NYCHA may have settled a $2 billion deal to improve living conditions for their residents, but they still failed the children.
According to the New York Times, at least 820 children under the age of six tested positive for high levels of lead while living in public housing between 2012 and 2016. To be specific, the children had lead levels of five to nine micrograms per deciliter. At that rate, the Center for Disease Control and prevention would recommend the local powers to step in.
Olivia Lapeyrolerie, a spokeswoman for Mayor Bill de Blasio claims the health department sent “detailed letters” to alert parents and healthcare providers on how to reduce exposure.
Yet no in-home inspections were done because the city follows federal regulations which require a lead level of 10 micrograms per deciliter before homes can be inspected and NYCHA is notified.
The larger question becomes, why wait with children’s lives at risk? The Daily News initially broke the story and City Controler, Scott M. Stringer vowed to investigate city procedures in order to protect the health of children.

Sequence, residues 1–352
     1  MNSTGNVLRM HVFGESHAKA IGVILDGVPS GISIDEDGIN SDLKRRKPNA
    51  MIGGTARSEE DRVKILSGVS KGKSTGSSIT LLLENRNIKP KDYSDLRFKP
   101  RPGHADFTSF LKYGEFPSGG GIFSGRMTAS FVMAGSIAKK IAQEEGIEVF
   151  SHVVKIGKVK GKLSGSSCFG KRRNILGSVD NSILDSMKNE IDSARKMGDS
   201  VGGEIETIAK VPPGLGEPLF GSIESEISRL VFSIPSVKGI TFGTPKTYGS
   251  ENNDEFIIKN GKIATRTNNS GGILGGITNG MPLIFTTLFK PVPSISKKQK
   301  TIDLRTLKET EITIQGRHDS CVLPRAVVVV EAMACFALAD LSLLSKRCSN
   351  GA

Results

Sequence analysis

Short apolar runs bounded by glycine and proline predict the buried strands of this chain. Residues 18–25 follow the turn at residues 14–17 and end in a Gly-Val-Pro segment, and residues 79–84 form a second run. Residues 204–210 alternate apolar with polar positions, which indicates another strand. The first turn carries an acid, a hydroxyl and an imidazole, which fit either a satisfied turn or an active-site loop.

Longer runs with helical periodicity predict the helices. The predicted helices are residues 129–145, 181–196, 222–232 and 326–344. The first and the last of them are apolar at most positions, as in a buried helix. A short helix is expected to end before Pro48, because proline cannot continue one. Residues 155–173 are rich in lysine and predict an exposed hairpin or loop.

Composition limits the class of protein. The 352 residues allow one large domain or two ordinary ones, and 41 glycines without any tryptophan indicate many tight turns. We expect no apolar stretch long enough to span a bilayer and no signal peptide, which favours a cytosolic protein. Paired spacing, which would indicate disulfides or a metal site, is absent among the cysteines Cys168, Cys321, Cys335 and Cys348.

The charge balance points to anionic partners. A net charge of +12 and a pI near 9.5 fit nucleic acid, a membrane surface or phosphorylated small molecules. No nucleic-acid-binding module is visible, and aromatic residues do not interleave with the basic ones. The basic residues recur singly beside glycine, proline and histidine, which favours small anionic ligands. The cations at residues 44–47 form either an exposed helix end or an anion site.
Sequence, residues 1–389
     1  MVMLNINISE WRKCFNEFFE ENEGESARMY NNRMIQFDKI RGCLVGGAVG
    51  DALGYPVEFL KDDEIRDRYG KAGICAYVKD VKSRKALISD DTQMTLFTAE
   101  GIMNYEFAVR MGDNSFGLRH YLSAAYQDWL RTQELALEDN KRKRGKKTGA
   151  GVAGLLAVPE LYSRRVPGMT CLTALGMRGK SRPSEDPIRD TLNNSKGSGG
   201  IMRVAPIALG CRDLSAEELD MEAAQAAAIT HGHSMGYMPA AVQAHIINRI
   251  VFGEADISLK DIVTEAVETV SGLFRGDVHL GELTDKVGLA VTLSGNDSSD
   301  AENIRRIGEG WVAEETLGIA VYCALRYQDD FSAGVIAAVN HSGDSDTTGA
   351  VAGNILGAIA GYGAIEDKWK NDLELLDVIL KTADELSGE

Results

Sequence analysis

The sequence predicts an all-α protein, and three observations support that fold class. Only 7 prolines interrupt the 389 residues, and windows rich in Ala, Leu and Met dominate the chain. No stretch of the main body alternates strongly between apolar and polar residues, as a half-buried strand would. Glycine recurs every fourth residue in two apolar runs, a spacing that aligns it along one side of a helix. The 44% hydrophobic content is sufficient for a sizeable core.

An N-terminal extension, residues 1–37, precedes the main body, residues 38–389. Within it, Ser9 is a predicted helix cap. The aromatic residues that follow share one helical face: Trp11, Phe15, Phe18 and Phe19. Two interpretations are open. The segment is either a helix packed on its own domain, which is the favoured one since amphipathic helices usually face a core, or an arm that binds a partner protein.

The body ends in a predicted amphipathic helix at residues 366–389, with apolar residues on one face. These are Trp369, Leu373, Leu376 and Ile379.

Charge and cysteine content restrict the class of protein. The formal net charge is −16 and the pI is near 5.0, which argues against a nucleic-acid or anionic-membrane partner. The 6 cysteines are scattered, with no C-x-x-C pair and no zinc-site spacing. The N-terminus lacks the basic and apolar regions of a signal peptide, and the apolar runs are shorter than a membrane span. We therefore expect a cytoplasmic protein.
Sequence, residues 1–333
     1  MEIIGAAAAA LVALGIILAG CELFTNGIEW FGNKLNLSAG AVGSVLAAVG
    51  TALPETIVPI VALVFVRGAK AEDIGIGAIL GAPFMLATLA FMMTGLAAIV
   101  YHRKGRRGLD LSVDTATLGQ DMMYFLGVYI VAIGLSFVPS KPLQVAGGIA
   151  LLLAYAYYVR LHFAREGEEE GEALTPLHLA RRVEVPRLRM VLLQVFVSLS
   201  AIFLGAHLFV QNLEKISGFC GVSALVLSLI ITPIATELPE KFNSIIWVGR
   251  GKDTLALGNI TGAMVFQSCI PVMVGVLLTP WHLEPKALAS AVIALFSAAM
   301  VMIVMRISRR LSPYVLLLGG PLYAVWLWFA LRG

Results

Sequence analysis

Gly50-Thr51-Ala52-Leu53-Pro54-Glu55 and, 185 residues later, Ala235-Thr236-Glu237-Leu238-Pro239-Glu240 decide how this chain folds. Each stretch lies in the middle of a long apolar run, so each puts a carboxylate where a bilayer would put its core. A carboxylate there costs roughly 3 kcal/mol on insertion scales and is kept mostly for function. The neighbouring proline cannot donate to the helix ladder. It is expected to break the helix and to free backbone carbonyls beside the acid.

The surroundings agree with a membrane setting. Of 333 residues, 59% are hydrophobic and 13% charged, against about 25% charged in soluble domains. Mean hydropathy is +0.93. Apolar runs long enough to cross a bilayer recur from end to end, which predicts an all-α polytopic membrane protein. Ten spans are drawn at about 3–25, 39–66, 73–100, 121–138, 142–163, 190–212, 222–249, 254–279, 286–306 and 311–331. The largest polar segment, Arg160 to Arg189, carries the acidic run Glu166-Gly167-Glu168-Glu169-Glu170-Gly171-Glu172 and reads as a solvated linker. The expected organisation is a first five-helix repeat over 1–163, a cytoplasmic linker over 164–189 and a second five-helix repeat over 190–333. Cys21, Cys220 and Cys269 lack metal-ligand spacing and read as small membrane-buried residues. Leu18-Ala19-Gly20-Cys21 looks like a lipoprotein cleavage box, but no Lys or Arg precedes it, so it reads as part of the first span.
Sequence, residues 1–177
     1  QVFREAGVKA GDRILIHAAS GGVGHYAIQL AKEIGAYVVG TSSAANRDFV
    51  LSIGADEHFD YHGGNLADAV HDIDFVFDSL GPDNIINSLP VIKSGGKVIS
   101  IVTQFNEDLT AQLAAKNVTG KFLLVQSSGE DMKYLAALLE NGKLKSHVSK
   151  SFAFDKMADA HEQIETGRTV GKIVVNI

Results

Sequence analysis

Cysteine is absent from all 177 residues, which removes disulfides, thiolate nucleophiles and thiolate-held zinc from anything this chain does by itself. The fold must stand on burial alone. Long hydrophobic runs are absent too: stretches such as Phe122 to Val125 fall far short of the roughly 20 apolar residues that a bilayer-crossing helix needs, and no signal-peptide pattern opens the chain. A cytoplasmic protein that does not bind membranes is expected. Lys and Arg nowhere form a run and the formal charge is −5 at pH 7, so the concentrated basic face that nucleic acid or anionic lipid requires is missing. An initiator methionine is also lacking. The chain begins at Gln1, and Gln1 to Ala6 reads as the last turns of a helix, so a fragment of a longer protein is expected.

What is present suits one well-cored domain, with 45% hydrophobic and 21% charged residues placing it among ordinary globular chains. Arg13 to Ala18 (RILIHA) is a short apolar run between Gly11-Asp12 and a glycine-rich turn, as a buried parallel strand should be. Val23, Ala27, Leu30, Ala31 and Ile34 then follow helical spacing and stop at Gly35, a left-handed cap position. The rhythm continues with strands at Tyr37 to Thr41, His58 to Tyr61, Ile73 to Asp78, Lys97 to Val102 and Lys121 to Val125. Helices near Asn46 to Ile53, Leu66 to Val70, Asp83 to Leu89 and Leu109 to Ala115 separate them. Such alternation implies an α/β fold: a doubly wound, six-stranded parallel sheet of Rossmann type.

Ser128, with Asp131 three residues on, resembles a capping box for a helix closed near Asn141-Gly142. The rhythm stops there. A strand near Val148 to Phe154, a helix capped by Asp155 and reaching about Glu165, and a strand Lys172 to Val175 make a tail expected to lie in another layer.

“It is horrifying that the department of health kept this information under wraps and it is outrageous that the city continues to justify and minimize this scandal,” he said.
Last month federal prosecutors said at least 19 children tested positive for lead, noting “this number understates the true extent of the harm likely caused by Nycha’s violations.”
Lead can be devastating to development in children. It can stunt their mental capacity, hormones, heart and immune system.
Lapeyrolerie says “the city has never said that the 19 were the entire universe of Nycha with lead exposure.”
A health department official says changes are already underway as they’ve begun inspecting all Nycha apartments where children under 18 years old have been found with a lead level of 5 micrograms per deciliter or more.
All things considered, the larger question still remains, why wait with children’s lives at risk?